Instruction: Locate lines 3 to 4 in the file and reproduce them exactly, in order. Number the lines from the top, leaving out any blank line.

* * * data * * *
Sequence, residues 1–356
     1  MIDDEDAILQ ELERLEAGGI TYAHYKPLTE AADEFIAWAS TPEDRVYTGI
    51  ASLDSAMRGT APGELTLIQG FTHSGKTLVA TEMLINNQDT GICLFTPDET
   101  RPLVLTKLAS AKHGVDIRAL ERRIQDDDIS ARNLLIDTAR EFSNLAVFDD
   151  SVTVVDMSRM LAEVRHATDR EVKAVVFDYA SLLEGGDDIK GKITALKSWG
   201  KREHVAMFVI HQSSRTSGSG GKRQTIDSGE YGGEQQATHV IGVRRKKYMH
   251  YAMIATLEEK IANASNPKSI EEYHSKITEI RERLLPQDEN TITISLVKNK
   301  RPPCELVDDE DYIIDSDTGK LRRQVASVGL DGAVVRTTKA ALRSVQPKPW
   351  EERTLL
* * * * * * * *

    51  ASLDSAMRGT APGELTLIQG FTHSGKTLVA TEMLINNQDT GICLFTPDET
   101  RPLVLTKLAS AKHGVDIRAL ERRIQDDDIS ARNLLIDTAR EFSNLAVFDD